Black Sabbath : Originally known as the Earth Blues Company, they later shortened it to Earth – then discarded that name altogether, because another band was already using it. They settled on Black Sabbath after attaching the title – which had earlier been used for a 1963 film starring Boris Karloff – to a spooky new song inspired by an apparition seen by bassist Geezer Butler.
Buffalo Springfield : When Stephen Stills, Neil Young and Richie Furay’s triple-threat singer-songwriter assault hooked up with rhythm section Dewey Martin and Bruce Palmer to make rock ‘n’ roll history, everybody else on the West Coast was coming up with weird, fanciful band names. They instead chose theirs from a random brand of steamroller that Stills and Furay saw outside the place where they were living.
Deep Purple : These British rockers had been calling themselves Roundabout, before the Yes song of the same name. At guitarist Ritchie Blackmore’s suggestion, they changed it to Deep Purple after a song that went back to the big-band era. It was first cut by the Paul Whiteman band in the ’30s.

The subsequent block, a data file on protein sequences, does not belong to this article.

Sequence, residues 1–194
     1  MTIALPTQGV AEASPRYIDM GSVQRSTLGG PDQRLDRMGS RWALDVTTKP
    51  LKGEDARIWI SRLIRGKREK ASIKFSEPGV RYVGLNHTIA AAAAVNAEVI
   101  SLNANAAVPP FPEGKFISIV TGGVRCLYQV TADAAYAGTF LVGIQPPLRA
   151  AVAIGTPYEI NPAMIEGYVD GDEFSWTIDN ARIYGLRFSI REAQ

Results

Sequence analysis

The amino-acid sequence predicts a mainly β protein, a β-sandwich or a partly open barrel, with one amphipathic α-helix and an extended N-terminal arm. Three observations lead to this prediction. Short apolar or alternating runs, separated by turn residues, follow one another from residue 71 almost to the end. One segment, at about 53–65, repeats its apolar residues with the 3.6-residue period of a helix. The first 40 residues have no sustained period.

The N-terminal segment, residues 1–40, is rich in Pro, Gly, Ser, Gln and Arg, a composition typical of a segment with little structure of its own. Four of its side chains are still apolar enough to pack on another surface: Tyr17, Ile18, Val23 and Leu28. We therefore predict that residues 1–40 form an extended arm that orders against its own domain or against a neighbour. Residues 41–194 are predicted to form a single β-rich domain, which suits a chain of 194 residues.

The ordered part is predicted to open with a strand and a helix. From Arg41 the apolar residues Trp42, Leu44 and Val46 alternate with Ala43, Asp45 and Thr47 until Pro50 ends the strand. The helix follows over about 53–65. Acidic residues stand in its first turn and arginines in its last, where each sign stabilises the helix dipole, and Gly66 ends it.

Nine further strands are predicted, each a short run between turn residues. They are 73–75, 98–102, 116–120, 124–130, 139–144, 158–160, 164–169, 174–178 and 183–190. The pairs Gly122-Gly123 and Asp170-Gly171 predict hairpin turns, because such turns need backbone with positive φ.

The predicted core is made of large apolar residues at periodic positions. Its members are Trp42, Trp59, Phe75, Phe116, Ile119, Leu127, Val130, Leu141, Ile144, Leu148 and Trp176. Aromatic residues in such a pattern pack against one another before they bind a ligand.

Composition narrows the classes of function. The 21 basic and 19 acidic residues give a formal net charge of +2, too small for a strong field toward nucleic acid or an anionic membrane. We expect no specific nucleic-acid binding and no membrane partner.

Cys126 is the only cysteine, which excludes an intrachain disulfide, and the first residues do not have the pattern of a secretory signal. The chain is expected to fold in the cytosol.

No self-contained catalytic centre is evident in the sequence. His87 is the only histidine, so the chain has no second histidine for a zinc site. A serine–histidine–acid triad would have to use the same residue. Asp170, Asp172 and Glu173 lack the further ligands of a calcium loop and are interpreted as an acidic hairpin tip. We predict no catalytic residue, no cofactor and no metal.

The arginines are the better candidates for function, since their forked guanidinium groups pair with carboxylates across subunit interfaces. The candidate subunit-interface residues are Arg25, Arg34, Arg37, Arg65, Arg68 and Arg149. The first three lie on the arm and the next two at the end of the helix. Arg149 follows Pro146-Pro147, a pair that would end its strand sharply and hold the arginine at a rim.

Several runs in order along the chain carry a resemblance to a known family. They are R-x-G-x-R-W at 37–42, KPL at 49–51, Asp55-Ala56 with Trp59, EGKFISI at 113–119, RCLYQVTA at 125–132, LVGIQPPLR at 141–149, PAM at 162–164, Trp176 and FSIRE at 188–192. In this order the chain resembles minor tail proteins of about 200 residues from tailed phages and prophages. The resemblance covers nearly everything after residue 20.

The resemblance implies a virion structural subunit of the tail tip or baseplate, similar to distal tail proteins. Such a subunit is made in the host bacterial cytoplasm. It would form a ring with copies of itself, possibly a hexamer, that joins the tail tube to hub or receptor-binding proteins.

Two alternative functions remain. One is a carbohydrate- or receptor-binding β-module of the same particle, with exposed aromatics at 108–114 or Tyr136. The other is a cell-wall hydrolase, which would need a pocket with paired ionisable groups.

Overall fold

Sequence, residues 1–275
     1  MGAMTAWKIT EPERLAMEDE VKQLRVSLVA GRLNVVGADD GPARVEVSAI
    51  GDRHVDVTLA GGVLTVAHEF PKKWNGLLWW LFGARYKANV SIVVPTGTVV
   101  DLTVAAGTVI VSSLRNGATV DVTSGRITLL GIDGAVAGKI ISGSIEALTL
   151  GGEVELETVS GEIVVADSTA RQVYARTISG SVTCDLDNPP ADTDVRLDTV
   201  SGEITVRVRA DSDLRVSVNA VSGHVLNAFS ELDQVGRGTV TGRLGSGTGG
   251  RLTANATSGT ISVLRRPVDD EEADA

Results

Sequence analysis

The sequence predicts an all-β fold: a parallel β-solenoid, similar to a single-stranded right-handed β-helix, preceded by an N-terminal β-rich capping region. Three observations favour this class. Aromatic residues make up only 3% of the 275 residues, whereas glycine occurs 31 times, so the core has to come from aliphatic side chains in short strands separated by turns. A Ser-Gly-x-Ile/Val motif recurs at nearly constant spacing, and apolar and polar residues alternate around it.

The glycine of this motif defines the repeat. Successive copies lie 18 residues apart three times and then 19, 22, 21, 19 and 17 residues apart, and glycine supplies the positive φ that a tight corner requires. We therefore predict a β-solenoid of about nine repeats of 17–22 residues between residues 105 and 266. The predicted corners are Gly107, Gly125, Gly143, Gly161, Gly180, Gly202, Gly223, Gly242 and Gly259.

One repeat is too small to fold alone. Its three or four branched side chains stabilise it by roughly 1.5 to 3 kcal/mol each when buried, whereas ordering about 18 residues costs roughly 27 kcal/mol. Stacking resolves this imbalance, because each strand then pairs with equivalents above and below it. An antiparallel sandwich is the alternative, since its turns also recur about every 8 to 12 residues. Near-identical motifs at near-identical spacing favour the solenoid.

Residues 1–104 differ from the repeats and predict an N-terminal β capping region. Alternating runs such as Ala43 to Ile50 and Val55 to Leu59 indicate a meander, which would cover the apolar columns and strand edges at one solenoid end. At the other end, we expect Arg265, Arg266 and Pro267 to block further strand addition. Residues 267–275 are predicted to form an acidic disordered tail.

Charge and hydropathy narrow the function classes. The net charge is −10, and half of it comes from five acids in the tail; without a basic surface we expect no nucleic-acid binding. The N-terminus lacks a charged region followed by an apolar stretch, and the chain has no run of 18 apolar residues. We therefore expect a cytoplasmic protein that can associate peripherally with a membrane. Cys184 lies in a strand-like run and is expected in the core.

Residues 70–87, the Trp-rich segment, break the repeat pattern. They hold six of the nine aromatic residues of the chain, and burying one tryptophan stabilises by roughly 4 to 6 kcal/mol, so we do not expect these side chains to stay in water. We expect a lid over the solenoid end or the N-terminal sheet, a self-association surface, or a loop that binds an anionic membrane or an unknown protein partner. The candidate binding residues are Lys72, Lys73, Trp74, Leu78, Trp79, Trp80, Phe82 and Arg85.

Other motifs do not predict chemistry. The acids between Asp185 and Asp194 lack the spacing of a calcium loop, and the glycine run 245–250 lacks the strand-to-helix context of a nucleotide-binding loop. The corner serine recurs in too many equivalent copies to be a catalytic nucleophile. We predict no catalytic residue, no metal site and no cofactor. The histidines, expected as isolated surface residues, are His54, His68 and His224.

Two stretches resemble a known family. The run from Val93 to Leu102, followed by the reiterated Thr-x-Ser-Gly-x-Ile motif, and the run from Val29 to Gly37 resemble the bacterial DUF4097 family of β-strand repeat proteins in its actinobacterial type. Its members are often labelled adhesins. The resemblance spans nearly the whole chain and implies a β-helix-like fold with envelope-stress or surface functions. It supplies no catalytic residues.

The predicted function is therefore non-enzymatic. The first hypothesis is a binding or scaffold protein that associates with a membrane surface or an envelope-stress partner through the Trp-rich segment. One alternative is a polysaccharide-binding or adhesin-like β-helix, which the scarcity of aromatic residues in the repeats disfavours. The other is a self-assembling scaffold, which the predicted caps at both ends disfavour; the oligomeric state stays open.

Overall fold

Def Leppard : Singer Joe Elliott initially coined the name “Deaf Leopard” while writing reviews for imaginary rock bands in his high-school English class. Tony Kenning, percussionist for the band’s original lineup, suggested modifying the spelling to make the name seem less “punk.”
Guns N’ Roses : Hollywood Rose member Izzy Stradlin spent some time in the mid-’80s as roommates with L.A. Guns member Tracii Guns. When L.A. Guns needed a new singer, Hollywood Rose’s Axl Rose came aboard. This led to the 1985 formation of Guns N’ Roses, a combined lineup that featured Rose, Stradlin and Guns, along with Ole Beich and Rob Gardner. Melding the names of both previous groups proved to be a much better call than rejected suggestions, which included Heads of Amazon and AIDS.